Normal color vision is trichromatic—that is, capable of perceiving all three primary colors of light: red (#FF0000), green (#00FF00), and blue (#0000FF). However, approximately four percent of people of European descent either have color-deficient vision or are color-blind—specifically, about eight percent of men, but only 0.4 percent of women.
Color-deficient vision results from the malfunction or absence of certain classes of retinal cones—the photoreceptors that provide color vision and are sensitive primarily to either red, green, or blue light. With color-deficient vision, it is more difficult to discriminate all three dimensions of color—hue, value, and chroma. The severity of color-vision deficiencies ranges from a little difficulty in distinguishing similar hues to the inability to perceive any color at all. Color blindness is the complete inability to perceive one or more of the three primary colors of light. There are several different types of color-deficient vision, as follows:
- anomalous trichromacy—Mildly deficient trichromatic vision in which a shift in the peak sensitivity of light-sensitive pigments in the retinal cones results in reduced sensitivity to red (#FF0000) or green (#00FF00). Anomalous trichromats have some difficulty in distinguishing similar hues in the red/orange/yellow/green region of the spectrum. There are two forms of anomalous trichromacy and both are inherited:
- protanomaly—One percent of men have this form of anomalous trichromacy, commonly called red weakness. With protanomaly, a shift in the receptivity of red-sensitive cones toward the green part of the spectrum results in some degree of reduced sensitivity to red. Thus, all hues containing red appear to have reduced levels of chroma. The red content in magenta and violet hues appears so weak that it may be imperceptible, causing anomalous trichromats to perceive magenta and violet as hues of blue. Red, orange, yellow, and yellow-green hues appear shifted toward green.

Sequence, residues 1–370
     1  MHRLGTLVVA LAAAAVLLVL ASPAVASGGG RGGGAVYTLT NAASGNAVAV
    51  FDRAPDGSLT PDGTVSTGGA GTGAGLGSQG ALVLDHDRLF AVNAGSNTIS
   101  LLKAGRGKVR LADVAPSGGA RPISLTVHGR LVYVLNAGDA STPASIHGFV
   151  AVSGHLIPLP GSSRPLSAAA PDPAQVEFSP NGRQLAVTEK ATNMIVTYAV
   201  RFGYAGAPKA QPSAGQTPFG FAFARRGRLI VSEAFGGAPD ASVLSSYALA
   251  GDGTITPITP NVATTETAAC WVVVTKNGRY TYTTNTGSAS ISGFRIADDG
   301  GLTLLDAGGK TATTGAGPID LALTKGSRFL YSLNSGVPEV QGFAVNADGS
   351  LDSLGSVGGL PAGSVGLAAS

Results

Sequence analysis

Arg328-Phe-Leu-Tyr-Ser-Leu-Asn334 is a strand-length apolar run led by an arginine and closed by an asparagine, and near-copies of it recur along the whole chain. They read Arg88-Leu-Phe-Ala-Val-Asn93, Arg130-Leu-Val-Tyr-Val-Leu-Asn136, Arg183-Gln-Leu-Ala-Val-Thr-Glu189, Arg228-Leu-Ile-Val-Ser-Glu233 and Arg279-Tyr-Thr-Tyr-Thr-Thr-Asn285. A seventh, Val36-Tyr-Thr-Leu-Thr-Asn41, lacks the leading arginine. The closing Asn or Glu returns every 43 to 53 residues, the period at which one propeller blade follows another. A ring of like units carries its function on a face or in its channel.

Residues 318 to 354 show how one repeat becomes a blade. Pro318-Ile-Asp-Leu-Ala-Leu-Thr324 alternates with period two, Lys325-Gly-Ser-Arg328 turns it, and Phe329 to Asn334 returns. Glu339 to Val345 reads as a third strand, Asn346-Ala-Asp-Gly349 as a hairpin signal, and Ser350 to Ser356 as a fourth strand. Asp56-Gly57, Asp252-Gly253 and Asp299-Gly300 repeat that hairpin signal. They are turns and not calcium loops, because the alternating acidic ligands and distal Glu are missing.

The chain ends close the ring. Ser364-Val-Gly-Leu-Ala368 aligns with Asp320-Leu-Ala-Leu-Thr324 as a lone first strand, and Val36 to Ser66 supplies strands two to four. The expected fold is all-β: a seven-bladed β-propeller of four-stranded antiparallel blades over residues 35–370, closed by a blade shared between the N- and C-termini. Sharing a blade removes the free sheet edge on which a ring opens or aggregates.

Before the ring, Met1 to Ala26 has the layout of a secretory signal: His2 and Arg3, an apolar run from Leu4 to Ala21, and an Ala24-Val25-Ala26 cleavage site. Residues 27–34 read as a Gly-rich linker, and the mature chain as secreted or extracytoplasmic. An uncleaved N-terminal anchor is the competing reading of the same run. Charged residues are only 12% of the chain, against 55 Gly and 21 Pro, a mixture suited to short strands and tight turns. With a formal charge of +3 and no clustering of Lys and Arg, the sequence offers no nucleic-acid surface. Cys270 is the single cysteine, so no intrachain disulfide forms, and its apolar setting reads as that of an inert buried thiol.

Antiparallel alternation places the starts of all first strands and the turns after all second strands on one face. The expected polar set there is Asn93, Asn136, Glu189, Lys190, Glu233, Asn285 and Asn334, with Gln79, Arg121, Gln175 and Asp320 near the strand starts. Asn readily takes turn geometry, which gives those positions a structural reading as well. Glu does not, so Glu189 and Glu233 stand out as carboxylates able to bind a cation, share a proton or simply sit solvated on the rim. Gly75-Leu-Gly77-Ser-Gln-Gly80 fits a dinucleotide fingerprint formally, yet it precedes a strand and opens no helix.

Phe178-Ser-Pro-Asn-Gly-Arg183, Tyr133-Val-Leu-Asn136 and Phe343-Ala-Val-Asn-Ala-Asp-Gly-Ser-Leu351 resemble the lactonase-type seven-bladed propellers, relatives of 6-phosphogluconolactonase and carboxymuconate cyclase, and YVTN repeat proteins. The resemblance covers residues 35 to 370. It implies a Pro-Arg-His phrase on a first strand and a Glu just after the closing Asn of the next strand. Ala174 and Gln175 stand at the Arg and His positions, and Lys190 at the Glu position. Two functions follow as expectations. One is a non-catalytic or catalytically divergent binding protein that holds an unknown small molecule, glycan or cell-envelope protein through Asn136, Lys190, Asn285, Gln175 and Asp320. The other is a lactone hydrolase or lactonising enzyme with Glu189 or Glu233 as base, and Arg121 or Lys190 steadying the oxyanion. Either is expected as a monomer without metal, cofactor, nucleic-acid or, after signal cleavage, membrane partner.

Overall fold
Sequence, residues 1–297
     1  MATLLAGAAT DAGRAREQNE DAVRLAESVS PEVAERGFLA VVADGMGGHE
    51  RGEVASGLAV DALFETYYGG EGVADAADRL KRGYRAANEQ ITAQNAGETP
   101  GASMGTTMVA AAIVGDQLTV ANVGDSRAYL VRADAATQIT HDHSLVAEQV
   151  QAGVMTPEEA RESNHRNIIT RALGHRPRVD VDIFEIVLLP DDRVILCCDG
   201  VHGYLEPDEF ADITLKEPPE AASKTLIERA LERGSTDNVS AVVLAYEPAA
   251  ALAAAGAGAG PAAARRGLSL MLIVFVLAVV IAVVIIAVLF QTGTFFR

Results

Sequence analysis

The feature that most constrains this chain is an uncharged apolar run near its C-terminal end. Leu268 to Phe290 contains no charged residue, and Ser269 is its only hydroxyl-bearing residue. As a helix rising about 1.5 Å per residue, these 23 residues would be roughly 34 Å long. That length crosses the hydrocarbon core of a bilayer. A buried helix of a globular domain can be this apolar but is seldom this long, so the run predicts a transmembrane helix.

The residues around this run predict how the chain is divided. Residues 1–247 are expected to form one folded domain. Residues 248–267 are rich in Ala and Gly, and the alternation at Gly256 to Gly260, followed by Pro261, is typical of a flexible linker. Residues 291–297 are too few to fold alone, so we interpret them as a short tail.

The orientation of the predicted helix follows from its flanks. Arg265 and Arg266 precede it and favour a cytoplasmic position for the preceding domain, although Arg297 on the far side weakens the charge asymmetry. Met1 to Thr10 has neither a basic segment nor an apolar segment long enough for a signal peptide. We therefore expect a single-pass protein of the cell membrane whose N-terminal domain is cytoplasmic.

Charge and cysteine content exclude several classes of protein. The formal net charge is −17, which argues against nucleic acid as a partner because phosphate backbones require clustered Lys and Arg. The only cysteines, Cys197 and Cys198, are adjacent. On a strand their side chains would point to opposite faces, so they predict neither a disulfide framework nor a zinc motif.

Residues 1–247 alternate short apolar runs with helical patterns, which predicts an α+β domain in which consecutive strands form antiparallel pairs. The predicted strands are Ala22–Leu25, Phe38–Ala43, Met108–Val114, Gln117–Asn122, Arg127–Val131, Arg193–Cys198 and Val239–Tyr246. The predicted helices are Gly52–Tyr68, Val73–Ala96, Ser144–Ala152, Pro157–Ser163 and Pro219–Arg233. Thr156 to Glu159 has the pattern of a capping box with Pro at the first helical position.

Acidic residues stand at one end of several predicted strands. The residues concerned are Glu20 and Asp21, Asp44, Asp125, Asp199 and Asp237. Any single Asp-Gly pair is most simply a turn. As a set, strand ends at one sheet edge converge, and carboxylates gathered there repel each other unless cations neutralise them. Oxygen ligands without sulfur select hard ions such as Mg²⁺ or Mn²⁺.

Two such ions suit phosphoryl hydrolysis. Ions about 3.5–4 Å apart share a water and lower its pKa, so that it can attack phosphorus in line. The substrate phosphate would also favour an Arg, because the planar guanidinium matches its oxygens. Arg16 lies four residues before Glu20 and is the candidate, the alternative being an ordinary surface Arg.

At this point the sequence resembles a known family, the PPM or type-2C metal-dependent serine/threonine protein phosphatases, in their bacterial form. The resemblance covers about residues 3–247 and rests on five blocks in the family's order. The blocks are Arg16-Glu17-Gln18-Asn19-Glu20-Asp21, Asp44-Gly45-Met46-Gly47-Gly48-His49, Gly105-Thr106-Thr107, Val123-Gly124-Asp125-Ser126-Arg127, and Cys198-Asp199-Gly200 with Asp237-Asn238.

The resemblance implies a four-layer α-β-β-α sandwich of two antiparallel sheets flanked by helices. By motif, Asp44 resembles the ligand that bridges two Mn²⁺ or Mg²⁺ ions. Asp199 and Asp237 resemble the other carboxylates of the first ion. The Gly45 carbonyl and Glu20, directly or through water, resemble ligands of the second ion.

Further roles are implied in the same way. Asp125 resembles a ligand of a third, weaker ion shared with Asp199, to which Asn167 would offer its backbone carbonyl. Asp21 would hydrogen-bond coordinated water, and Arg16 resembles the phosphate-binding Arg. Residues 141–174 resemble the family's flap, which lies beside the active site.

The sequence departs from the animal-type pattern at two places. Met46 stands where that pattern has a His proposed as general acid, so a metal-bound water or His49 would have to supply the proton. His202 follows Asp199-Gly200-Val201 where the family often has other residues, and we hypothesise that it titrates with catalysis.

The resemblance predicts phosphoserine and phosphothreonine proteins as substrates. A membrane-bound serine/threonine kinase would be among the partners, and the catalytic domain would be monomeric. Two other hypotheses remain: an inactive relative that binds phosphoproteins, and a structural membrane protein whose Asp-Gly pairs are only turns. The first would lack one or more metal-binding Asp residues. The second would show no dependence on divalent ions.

- deuteranomaly—This is by far the most common form of color-deficient vision. Five percent of men and 0.38 percent of women have this form of anomalous trichromacy, commonly called green weakness. Deuteranomaly causes about 62 percent of all color-deficient vision in men; 95 percent, in women. With deuteranomaly, a shift in the receptivity of green-sensitive cones toward the red part of the spectrum results in some degree of reduced sensitivity to green. Green, yellow-green, yellow, and orange hues appear shifted toward red, but none of these hues containing green appears to have reduced levels of chroma.
- dichromacy—Seriously deficient color vision that is capable of perceiving only two of the three primary colors of light: either blue (#0000FF) and red (#FF0000) or blue (#0000FF) and green (#00FF00). Dichromacy is also inherited, and there are three forms:
- protanopia—One percent of men and 0.02 percent of women have this form of dichromacy and are unable to distinguish between red and green. Thus, protanopia is commonly called red-green color blindness. While many hues are mixtures of red and green or red and blue, protanopes perceive all hues as mixtures of blue and green, because they lack red-sensitive cones. Thus, protanopes see all hues of red, orange, yellow, and green as hues of ochre or yellow and cannot distinguish among them, except by their differences in value.
For protanopes, all hues containing red appear to have reduced levels of chroma and value, and hues that contain a lot of red appear much darker. Normally, sixty-four percent of all cones are red-sensitive cones, so because protanopes have reduced sensitivity to red light, they receive less light overall. Therefore, protanopes can read neither red text on a black or gray background nor black or gray text on a red background. The red content in magenta and violet hues appears so weak that it is imperceptible to protanopes. Thus, they perceive all hues of magenta, violet, and blue as hues of blue and cannot distinguish among them, except by their values. Protanopes see white as a mixture of blue and green and cannot distinguish white from light blue-green.